Every country has to reduce its greenhouse gas emissions, that’s a given. But how to do it depends on each one, with different strategies in place. For the Netherlands, fewer emissions mean less livestock, with a new government plan now being considered that would force most farmers to reduce the size of their cattle.
Back in 2019, the Dutch government was forced by the Supreme Court in The Hague to reduce its emissions even further, following a seven-year legal battle with a group of environmental NGOs. The government accepted the ruling and started thinking of ways to increase climate ambition, from cutting coal power to now reducing livestock.
Livestock production brings several environmental and public health effects. At the global level, it contributes to greenhouse gas emissions and the overuse of finite resources such as land and water. Locally, it contributes to nutrient surpluses, affecting soil and water quality, as well as causing toxicological effects of pesticide application.
These problems are especially relevant in locations with a large density of animal and human populations, such as in the case of the Netherlands. The country has one of Europe’s largest livestock industries, with over 100 million cattle, chickens, and pigs. It’s also the largest meat exporter of the European Union, worth about 8.8 billion euros in 2020.
“We are a relatively small country with a lot of inhabitants, industry, transport and agriculture, so we are reaching the limits of what nature can take,” Rudi Buis, a spokesperson for the agriculture ministry told the Guardian. “There is a high level of urgency for us to tackle the nitrogen compounds problem. This means that in the near future, choices must be made.”
The future plans
Government officers at the Agriculture and Finance ministries have drafted a proposal to cut down livestock numbers by 30%, something unseen so far in Europe. Two scenarios were proposed. The government could either buy livestock production rights or instead force farmers to sell their land, which would be much more expensive.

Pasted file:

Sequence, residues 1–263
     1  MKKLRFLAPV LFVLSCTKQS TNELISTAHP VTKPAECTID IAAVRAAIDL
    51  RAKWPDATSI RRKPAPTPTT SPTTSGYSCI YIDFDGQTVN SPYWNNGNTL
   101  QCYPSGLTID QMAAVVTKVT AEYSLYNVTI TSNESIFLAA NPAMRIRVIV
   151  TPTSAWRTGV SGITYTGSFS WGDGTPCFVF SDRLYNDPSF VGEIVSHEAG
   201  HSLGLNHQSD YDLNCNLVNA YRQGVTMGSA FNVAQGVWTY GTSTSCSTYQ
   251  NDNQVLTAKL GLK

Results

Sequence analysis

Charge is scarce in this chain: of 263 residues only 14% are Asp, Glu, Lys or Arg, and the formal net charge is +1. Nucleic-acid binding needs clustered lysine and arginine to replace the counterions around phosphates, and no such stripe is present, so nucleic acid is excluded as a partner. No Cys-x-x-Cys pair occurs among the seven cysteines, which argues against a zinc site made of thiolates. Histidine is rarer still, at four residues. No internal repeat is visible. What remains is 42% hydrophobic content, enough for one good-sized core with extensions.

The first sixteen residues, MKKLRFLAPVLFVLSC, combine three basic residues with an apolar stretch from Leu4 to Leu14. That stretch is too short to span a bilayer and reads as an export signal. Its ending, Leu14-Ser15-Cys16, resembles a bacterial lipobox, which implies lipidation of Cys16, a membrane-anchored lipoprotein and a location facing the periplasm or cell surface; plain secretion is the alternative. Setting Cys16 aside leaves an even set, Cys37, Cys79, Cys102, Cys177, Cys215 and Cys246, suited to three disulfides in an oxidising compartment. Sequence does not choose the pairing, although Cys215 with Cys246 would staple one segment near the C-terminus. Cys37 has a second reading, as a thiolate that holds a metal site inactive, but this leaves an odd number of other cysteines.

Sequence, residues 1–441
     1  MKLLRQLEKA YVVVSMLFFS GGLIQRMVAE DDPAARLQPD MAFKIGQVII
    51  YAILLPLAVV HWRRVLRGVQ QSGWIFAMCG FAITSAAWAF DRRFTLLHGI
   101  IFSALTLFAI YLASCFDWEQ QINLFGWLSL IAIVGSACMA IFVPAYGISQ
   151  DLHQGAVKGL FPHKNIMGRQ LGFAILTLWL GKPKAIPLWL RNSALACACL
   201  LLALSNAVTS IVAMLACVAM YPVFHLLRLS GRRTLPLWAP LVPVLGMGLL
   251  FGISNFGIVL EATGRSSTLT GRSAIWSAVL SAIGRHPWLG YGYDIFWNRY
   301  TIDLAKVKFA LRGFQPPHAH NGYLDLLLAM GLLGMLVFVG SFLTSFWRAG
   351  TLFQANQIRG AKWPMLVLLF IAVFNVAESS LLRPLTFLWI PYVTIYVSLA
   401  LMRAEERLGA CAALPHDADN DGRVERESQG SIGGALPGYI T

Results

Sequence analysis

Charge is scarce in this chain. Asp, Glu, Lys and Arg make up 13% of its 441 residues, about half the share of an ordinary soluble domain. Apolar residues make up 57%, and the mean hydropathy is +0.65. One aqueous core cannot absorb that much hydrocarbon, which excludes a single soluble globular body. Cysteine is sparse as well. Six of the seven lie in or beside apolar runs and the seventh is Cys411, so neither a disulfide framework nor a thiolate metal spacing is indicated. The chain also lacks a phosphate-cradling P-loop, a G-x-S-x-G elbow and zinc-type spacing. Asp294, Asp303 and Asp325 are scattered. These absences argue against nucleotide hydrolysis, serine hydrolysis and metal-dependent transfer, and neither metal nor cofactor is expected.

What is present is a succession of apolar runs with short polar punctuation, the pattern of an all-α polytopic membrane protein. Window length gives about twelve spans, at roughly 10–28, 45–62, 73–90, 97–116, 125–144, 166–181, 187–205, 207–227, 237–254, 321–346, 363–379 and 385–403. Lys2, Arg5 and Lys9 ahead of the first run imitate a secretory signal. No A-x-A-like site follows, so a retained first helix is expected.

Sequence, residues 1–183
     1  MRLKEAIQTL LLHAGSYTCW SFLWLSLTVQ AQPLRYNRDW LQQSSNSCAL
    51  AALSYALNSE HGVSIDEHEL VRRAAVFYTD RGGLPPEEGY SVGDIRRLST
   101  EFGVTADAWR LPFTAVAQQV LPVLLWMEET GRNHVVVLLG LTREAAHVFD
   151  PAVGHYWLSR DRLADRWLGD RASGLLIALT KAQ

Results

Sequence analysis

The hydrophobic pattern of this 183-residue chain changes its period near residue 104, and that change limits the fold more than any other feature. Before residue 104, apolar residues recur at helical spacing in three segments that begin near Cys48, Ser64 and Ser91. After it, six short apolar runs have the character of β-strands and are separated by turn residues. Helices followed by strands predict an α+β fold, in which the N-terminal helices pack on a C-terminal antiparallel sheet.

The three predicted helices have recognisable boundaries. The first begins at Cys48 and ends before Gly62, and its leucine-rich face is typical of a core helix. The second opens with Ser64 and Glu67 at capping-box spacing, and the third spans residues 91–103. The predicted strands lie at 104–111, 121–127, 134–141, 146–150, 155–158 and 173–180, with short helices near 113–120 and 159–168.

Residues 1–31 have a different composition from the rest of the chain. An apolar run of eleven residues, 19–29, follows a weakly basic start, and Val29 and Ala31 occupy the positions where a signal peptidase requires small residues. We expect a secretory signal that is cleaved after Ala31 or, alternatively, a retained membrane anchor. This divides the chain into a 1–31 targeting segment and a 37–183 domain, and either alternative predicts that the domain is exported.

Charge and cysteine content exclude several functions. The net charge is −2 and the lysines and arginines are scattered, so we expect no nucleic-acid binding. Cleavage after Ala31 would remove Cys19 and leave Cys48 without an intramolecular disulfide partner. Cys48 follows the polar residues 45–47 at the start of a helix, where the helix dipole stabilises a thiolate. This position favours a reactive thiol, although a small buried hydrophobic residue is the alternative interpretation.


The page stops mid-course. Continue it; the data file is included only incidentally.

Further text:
The new move comes after a previous voluntary plan to buy the land from pig farmers, but only 300 accepted the offer. So now the government decided to step up its game. An official decision is expected in a few weeks and has already caused a big repercussion, with NGOs celebrating the move and beef producers complaining.
“It’s a step in the right direction. We would do more on buying out farmers and helping them transition to sustainable agriculture,” Bram van Liere, campaigner at Friends of the Earth, told The Guardian “The nitrogen crisis is very severe in the Netherlands, but there’s also very high nitrogen deposition in Germany and Belgium, for instance.”
Meanwhile, Wytse Sonnema, head of public affairs at the Netherlands Agricultural and Horticultural Organization (LTO), questioned the move, claiming expropriation is a bad idea. They have instead proposed a voluntary farm relocation or closure. Expropriation would take up to seven years so it doesn’t make sense time-wise, he added.
Greenhouse gas emissions from agriculture account for 14.5% of all human emissions – with beef contributing to 41%. And they are set to grow in the future, with beef demand expected to rise by 88% between 2010 and 2050. With this in mind, the plan by the Dutch government could bring a local solution, but not necessarily a global one.